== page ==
The Hopefulness of June

When I signed up to write a blog about the hopefulness of June, it was sometime around the new year, when seed catalogs and my strawberry jam and basket of garlic in the cellar were the closest connection I had to gardening. Of course, I had no idea what this season might bring, as is the lot of every farmer and gardener that has ever been. But most Junes are the time when all is hope and green-flourishing. By August, the squash beetles have taken over, tomato blights are browning leaves as fast as the plants are making new ones, and even early crops that have done well are passing their prime and leaving the garden more golden than green. By late summer and fall, the garden is a place of reality – you can pretty well see what you’ve gotten and what you might yet get from the generosity of god and mother nature, and your own hard work. But in June, in June when you are still shaking off the pallid white skin of the winter months and settling seeds and roots into the ground, all is hope and faith in the bounty yet to come.

My (primarily) vegetable garden is approximately 25’ x 60’ of heavy marine clay along the upper reaches of Middle Bay. For nearly a decade I’ve built up the soil with compost from my kitchen and hen house, and countless layers of straw, seaweed, wrack, and cardboard. For the most part, it grows well, though, it has its nuances. In the spring the soil stays cold and damp much later than many other gardens in Brunswick (folks on the glacial outwash which is like digging into Popham beach for several feet down, couldn’t have growing conditions more unlike my potter’s-grade grey clay about 6” below the organic horizon). So my peas go in late, or else they rot in the ground (a mistake I’ve made far too many times). As the soil warms and the season dries out, any area of soil not heavily mulched turns to hardpan – clay pots – which seizes up around plant roots and seeds and crushes them. The nitrogen in my soil is very high, so my flower beds tend to have big, bushy, beautiful plants, with just a few flowers. My vegetables tend toward the same, but I have learned to combat this both with the addition of soil amendments each spring and fall, as well as a foliar feed high in phosphorus and potassium.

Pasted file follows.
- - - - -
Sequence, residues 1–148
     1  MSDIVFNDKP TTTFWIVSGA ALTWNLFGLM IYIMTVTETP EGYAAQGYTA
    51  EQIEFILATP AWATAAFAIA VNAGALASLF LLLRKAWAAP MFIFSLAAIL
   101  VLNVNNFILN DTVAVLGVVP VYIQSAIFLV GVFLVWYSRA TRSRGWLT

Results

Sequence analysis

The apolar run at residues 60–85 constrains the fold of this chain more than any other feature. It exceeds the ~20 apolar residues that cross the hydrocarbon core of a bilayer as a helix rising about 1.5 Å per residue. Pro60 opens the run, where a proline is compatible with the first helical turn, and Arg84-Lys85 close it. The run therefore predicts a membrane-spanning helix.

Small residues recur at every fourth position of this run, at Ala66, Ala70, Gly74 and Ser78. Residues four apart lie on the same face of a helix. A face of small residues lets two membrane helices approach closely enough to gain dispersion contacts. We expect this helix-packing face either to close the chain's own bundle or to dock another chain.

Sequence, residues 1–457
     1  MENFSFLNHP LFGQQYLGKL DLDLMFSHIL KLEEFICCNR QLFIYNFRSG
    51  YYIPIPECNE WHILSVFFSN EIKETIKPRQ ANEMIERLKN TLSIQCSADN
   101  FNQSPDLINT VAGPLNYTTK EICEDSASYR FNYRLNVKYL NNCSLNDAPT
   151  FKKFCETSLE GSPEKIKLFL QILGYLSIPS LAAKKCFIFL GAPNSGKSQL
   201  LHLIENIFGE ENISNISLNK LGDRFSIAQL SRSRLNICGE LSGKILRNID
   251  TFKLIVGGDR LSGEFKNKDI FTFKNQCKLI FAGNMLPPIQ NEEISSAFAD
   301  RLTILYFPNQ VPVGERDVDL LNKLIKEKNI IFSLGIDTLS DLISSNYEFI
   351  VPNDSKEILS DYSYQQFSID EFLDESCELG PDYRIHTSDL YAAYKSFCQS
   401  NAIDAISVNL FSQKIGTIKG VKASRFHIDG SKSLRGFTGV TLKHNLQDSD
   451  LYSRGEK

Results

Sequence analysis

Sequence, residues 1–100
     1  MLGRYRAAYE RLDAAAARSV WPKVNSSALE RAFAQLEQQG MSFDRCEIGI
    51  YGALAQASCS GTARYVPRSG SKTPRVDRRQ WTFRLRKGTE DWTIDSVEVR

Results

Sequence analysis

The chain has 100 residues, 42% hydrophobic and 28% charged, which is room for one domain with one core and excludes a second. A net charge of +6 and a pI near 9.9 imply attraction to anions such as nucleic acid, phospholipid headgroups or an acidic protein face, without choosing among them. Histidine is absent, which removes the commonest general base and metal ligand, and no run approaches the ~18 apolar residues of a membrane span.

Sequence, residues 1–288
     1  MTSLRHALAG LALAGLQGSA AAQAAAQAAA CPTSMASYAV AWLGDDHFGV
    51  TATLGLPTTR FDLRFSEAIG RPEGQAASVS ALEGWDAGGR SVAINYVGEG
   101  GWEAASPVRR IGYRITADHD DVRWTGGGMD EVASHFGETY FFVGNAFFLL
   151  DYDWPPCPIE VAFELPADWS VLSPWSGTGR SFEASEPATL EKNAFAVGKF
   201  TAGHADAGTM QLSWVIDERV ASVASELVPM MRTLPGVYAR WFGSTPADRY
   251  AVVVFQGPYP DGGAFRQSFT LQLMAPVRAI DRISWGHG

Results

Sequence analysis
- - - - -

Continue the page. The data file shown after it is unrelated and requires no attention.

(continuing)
I describe this garden as “primarily” a vegetable garden, because I am no good at keeping the food from the flowers. I rescue cosmos volunteers and tuck them in among my tomatoes to wave in the September breezes. I let native ground nut climb the protective cages around my apple trees, and lovely native rushes disrupt my garden paths. Various flowers and medicinal herbs fill spaces at the ends of rows or between taller plants. My flower gardens are similarly distracted. Lettuce circles my roses, lunchbox peppers back my petunias, and I always keep a sungold or two near the house for easy snacking. They’re all beautiful and work together to draw in diverse garden friends, and repel those I’d rather see less of.

This season (as in most) the weather has been the biggest news in the garden. Early on it was the cold. Well into late May it was cold like November. Most of what I had in the ground was under a small plastic hoop, so they didn’t mind the cold. But this year my peas didn’t come up ‘til early June – I’m still not certain I’ll get any fruit. One blessing though, of my heavy, wet soil is that the moisture it retains also seems to provide an insulating buffer to the air, and the late frost that cost so many of my friends their basil and tomatoes (and one farmer’s crop of strawberries) never reached my garden.